The credit rating agency Moody’s, downgraded the UK economy from AAA to AA1 late last week (22nd February).
The downgrade of the UK economy had been rumoured for some time now, as most of the major rating agencies had since late 2012 placed the UK’s triple-A rating on ‘negative watch’. The fact that the current fiscal measures and varied austerity plans have so far been unable to restore economic growth within the UK, meant the loss of our AAA rating had long become inevitable.
The reasons for the downgrade of the UK economy – persistently low growth and the reduced ability to deal with any future economic shocks, such as another financial crisis or recession, have however largely been priced into the Markets.
Although it is hard to predict exactly what the downgrade’s impact will be – it is generally expected to be restrained. The main effect is likely to be a renewed pressure against the pound (already down 5% on a trade-weighted basis this year). This in turn raises the price of imported goods, and makes overseas travel that much more expensive. However as with any negative, a weakened currency also helps boost the UK’s international competitiveness in terms of our export led-sectors.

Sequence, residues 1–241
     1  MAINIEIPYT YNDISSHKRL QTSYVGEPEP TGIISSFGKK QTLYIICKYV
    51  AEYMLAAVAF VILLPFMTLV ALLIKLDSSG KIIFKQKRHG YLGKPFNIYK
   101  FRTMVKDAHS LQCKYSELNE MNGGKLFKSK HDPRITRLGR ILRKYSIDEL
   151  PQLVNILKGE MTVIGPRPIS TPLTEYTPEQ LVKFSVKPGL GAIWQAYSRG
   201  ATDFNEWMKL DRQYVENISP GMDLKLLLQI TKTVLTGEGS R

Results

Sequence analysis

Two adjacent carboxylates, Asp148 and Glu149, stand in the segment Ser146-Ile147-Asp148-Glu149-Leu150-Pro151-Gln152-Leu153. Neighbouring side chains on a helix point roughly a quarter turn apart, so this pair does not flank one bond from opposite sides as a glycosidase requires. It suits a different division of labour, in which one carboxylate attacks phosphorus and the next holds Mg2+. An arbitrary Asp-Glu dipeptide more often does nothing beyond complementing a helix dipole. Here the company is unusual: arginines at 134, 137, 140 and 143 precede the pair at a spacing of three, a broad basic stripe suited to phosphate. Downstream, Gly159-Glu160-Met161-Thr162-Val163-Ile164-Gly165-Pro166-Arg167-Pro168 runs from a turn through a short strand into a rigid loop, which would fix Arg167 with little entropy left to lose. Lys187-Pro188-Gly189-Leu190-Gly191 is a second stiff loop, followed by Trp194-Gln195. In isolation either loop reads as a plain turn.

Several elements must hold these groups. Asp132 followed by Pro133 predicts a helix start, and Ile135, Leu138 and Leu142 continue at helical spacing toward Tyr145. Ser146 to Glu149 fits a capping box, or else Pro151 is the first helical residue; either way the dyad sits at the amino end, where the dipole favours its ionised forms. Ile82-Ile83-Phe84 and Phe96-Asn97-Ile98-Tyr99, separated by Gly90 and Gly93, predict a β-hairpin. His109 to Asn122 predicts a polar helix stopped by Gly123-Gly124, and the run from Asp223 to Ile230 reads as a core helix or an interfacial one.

So although the downgrade makes for big headlines, good copy and sparks the inevitable political sparring – the main impact will be less about the Markets and more about placing greater political pressure on the Chancellor and Government to restore sustainable growth and get us back on track.
How does the downgrade of the UK economy affect my portfolio?
Most individual investors make their money over time, not overnight. While strategies may differ based on personal needs, the successful investors we’ve known seem to follow the same set of guidelines. At Bridge Investments the key four guidelines are to develop an investment strategy, stick to quality, diversify and invest for the long term. We will actively continue to monitor the Markets and if we feel there should be changes made to your portfolio as a result of this, we will certainly be in touch.
These links may be useful: www.moneyadviceservice.org.uk and www.direct.gov.uk
Twitter users: Martin Lewis of MoneySavingExpert tweets general advice and also answers some personal finance questions- @MartinSLewis and @Moneysavingexpert
The Which? Money team (@WhichMoney) tweet smart money guides.